So by now we have all seen the article and the video that’s gone viral of the woman walking around New York for 10 hours trying to increase awareness and prove a point about street sexual harassment. The video has garnered a firestorm of comments from men and women, community groups, media personalities, celebrities, victims’ advocates and community members as large. The barrage of support and criticism surrounding the video left me questioning at what point does hello become sexual harassment?
While message and intentions behind the video are definitely awesome and well-intended, it certainly points out that there is undeniably a fine line between a cordial greeting or compliment and an inappropriate comment with the sexual under tone that makes a woman or man feel uncomfortable and/ or like they are being harassed.
This blurred line between hello and harassment poses a very challenging question, one for which there is not an easy answer to or a quick fix. One of the challenges is that the definition of sexual harassment may vary from person to person, which makes it even more difficult to define. Nevertheless it is a concern that we must address in order to evoke individual, community, and societal change. As a society we must begin to create a culture of healthy sexuality that does not tolerate or condone sexual violence of any kind.
Another challenge is that sex sells everything! We as a society have become so bombarded with sexual images on a daily basis that a seemingly innocent hello, friendly greeting or compliment in passing is misconstrued as an ill-intended attempt to harass. While it is important to be aware and informed, we have to be extremely careful not to over analyze someone’s hello and immediately toss it into the harassment category because it diminishes the severity of sexual harassment. This creates a problem for those who are truly being harassed sexually. Not only does the allegation get minimized but it also gets handled inappropriately and as a result the victim continues to be re-victimized.
Sexual harassment, no matter the race, ethnicity, gender, orientation, religion or political affiliation, ability, disability, socioeconomic status, etc. affects us all! It is a community wide concern that has the potential to leave last effects on the individual, family and the community. Sexual harassment has mental, emotional, verbal, sometimes physical, spiritual, economical and legal implications. We still must be very conscientious about how we do and do not define it. And although our perceptions of sexual harassment may be individualize, there are still some defining elements of sexual harassment and that’s where the crucial distinction lies. To define it only as an experience in which an individual” perceive” the unintended greeting as an intentional act or violation of one’s personal being can have serious implications and impact on a person’s life. Herein lies the reason for much needed conversation around this issue.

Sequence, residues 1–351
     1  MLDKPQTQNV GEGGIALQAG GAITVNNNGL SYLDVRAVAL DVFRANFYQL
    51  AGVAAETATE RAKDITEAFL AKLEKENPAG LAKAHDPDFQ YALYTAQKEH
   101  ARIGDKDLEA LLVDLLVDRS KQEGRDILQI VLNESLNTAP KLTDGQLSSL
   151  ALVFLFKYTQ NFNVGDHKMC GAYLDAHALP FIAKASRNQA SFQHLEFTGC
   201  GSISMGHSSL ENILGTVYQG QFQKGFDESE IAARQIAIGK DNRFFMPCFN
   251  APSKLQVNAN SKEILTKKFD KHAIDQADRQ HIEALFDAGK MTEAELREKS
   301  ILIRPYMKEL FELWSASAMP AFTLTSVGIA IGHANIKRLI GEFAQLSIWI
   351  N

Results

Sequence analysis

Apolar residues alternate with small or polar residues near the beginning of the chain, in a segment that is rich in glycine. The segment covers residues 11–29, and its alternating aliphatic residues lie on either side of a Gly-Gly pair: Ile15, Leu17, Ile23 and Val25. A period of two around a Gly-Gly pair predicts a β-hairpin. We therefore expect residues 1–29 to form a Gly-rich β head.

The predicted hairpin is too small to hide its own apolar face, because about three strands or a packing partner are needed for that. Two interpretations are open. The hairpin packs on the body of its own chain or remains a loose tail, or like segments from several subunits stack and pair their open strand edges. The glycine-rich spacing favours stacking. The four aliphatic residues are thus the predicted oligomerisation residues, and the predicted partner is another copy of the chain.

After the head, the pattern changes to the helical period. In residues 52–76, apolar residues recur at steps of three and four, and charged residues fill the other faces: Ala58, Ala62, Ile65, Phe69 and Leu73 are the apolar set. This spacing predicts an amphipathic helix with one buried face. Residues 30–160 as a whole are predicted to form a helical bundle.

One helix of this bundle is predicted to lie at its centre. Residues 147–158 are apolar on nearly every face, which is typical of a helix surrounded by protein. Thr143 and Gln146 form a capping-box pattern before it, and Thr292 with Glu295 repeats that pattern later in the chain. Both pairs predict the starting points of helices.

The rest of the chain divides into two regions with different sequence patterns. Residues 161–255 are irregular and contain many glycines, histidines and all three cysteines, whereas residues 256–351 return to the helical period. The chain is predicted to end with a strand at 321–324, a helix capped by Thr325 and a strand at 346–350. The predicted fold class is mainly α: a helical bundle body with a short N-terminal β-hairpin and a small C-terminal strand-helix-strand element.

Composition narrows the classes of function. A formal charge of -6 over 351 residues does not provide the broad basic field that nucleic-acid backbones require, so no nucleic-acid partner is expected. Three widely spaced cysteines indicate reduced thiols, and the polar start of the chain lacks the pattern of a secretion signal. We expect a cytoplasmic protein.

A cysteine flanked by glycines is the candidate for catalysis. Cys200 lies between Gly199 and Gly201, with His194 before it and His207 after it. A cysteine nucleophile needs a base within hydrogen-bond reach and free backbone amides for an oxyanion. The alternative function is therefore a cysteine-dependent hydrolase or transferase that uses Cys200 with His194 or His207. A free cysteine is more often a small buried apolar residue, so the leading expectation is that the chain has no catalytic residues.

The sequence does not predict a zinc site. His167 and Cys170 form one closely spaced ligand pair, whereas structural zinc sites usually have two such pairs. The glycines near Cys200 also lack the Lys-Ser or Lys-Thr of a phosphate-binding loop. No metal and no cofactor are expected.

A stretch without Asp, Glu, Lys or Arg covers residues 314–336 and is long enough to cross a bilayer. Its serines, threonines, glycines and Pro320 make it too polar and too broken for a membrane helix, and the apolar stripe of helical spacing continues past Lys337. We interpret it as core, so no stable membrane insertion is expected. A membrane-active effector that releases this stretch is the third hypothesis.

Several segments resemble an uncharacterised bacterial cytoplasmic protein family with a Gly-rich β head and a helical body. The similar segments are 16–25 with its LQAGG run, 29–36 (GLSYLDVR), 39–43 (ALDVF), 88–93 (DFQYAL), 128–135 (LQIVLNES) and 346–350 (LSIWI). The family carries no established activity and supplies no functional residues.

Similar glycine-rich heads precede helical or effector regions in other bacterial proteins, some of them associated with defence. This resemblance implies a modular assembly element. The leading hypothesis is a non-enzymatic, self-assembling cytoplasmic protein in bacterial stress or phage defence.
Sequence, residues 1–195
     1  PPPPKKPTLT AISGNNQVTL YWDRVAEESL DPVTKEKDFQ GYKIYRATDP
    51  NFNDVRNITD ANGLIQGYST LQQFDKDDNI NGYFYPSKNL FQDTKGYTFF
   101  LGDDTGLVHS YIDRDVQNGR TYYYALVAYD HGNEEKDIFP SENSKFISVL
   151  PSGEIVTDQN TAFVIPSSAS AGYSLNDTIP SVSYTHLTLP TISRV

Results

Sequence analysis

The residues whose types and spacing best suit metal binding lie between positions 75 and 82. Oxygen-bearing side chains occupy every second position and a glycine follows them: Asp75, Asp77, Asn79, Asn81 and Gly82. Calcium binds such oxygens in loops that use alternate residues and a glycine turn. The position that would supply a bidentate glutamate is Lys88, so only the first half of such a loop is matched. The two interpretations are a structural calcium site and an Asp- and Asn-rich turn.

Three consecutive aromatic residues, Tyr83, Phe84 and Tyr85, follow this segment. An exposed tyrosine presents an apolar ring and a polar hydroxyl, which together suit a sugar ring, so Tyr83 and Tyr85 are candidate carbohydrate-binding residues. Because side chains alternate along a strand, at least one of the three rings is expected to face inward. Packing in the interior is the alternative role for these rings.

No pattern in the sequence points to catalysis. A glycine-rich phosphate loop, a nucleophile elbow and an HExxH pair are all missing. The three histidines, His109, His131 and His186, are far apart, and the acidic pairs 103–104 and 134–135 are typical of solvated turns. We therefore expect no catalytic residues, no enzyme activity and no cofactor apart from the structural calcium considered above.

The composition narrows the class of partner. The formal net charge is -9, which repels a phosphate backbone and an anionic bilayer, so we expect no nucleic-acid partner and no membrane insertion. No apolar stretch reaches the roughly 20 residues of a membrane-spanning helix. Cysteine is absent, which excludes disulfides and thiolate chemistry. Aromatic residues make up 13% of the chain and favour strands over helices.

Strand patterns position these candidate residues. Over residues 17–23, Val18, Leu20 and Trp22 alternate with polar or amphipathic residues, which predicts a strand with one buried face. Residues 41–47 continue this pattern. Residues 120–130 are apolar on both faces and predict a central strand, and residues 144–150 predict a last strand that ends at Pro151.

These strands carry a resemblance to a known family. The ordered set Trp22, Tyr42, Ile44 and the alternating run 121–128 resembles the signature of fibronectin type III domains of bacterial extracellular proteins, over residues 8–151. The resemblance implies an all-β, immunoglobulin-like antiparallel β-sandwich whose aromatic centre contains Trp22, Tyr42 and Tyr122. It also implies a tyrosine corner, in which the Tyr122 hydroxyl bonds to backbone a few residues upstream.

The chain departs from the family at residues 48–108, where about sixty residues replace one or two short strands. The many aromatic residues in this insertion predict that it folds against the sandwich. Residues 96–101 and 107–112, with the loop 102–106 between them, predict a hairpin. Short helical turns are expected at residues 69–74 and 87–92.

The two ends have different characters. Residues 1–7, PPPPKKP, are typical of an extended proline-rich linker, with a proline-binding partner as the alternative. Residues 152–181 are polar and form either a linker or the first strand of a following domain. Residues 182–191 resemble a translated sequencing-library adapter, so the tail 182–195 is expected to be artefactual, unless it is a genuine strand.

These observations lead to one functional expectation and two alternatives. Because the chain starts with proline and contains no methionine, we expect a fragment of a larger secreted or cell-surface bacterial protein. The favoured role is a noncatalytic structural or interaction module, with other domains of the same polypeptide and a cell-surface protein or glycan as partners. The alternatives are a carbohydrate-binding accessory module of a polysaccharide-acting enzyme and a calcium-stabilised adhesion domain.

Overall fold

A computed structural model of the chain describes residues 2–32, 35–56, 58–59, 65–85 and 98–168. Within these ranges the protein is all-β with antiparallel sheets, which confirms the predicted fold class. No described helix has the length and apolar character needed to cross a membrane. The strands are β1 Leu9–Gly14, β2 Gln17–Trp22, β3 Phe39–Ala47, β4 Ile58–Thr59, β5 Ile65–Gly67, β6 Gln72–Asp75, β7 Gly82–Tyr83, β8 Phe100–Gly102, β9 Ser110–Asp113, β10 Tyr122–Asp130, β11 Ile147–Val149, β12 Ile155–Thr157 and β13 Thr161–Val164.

The conversation should not focus so much on who is being harassed but rather how do we address it as a community so that everyone feels safe. We spend so much time finger pointing and blaming each other; that while we are playing the blame game the problem still continues. We need to come up with effective comprehensive, skills based programs on how to increase awareness and educate. Such programs would include: looking at how we define harassment, how the intersectionality of gender, orientation, politics, culture, race, religion, etc. plays a role in harassment, how do we prevent it, increasing accountability and responsibility, laws around harassment, etc. It would also include looking at how we as a society have become so desensitize to not only harassment but all forms of violence.
The conversation should also consider the question: what could happen if we get to a point where a hello become sexual harassment. What kind of society will we be? We will be a society that is alone and lacking the human companionship that we need to sustain and maintain relationships because will be afraid to say hello. So it is very important that we begin to define and have conversations around what sexual harassment is and is not. We must teach young men and women the proper ways to engage in relationships or to engage in casual conversations without fear of being harassed or accused of harassment.
At the end of the day, we have become a society that sometimes over looks, condones and in some ways promote sexual harassment, intimate partner violence and other forms of violence that we have become so desensitized; which is a double edge sword. On one end, because we are oversexualized we think that it’s ok to be overtly sexual. And the other end, because we are oversexualized we expect there to be a sexual undertone in anything that someone says or does.
Finally, I leave you with this thought, how much accountability do we have in perceiving the hello as harassment? Just because we’re having a bad day, just because we’ve gotten into a fight with a boyfriend or girlfriend or just because we’ve had a bad encounter with someone, we cannot make the assumption that the next person who greets us is harassing us. Let’s consider the fact that they may truly just want to acknowledge our presence, compliment us, make us smile or just simply say hello.